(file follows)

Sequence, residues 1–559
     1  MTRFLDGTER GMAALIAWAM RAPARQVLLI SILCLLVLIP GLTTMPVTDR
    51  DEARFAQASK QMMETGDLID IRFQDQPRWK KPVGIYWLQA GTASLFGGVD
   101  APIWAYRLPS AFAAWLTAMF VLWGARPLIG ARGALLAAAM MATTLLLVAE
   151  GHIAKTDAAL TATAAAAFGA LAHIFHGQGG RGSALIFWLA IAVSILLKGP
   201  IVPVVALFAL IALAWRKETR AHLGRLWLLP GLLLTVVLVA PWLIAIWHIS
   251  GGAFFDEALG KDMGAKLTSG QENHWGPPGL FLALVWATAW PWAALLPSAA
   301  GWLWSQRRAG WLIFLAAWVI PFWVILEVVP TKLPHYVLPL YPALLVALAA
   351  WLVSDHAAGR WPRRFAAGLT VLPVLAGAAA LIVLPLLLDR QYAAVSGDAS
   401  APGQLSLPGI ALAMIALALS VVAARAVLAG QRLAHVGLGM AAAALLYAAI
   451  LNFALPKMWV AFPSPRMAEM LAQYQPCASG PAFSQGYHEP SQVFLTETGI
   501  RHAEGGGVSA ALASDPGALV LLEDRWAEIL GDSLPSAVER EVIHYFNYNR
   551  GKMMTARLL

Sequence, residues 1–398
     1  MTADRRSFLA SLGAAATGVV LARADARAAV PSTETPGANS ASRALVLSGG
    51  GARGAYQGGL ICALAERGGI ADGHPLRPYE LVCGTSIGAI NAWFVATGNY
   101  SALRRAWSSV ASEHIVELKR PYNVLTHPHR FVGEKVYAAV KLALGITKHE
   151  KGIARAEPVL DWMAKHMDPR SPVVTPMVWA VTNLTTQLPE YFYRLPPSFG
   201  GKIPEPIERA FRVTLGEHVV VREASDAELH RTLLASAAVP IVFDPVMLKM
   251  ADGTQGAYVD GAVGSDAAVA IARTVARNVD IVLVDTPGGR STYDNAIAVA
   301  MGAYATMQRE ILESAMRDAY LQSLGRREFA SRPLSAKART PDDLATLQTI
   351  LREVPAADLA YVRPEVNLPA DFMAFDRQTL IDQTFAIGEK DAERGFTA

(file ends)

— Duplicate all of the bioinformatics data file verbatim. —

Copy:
Sequence, residues 1–559
     1  MTRFLDGTER GMAALIAWAM RAPARQVLLI SILCLLVLIP GLTTMPVTDR
    51  DEARFAQASK QMMETGDLID IRFQDQPRWK KPVGIYWLQA GTASLFGGVD
   101  APIWAYRLPS AFAAWLTAMF VLWGARPLIG ARGALLAAAM MATTLLLVAE
   151  GHIAKTDAAL TATAAAAFGA LAHIFHGQGG RGSALIFWLA IAVSILLKGP
   201  IVPVVALFAL IALAWRKETR AHLGRLWLLP GLLLTVVLVA PWLIAIWHIS
   251  GGAFFDEALG KDMGAKLTSG QENHWGPPGL FLALVWATAW PWAALLPSAA
   301  GWLWSQRRAG WLIFLAAWVI PFWVILEVVP TKLPHYVLPL YPALLVALAA
   351  WLVSDHAAGR WPRRFAAGLT VLPVLAGAAA LIVLPLLLDR QYAAVSGDAS
   401  APGQLSLPGI ALAMIALALS VVAARAVLAG QRLAHVGLGM AAAALLYAAI
   451  LNFALPKMWV AFPSPRMAEM LAQYQPCASG PAFSQGYHEP SQVFLTETGI
   501  RHAEGGGVSA ALASDPGALV LLEDRWAEIL GDSLPSAVER EVIHYFNYNR
   551  GKMMTARLL

Sequence, residues 1–398
     1  MTADRRSFLA SLGAAATGVV LARADARAAV PSTETPGANS ASRALVLSGG
    51  GARGAYQGGL ICALAERGGI ADGHPLRPYE LVCGTSIGAI NAWFVATGNY
   101  SALRRAWSSV ASEHIVELKR PYNVLTHPHR FVGEKVYAAV KLALGITKHE
   151  KGIARAEPVL DWMAKHMDPR SPVVTPMVWA VTNLTTQLPE YFYRLPPSFG
   201  GKIPEPIERA FRVTLGEHVV VREASDAELH RTLLASAAVP IVFDPVMLKM
   251  ADGTQGAYVD GAVGSDAAVA IARTVARNVD IVLVDTPGGR STYDNAIAVA
   301  MGAYATMQRE ILESAMRDAY LQSLGRREFA SRPLSAKART PDDLATLQTI
   351  LREVPAADLA YVRPEVNLPA DFMAFDRQTL IDQTFAIGEK DAERGFTA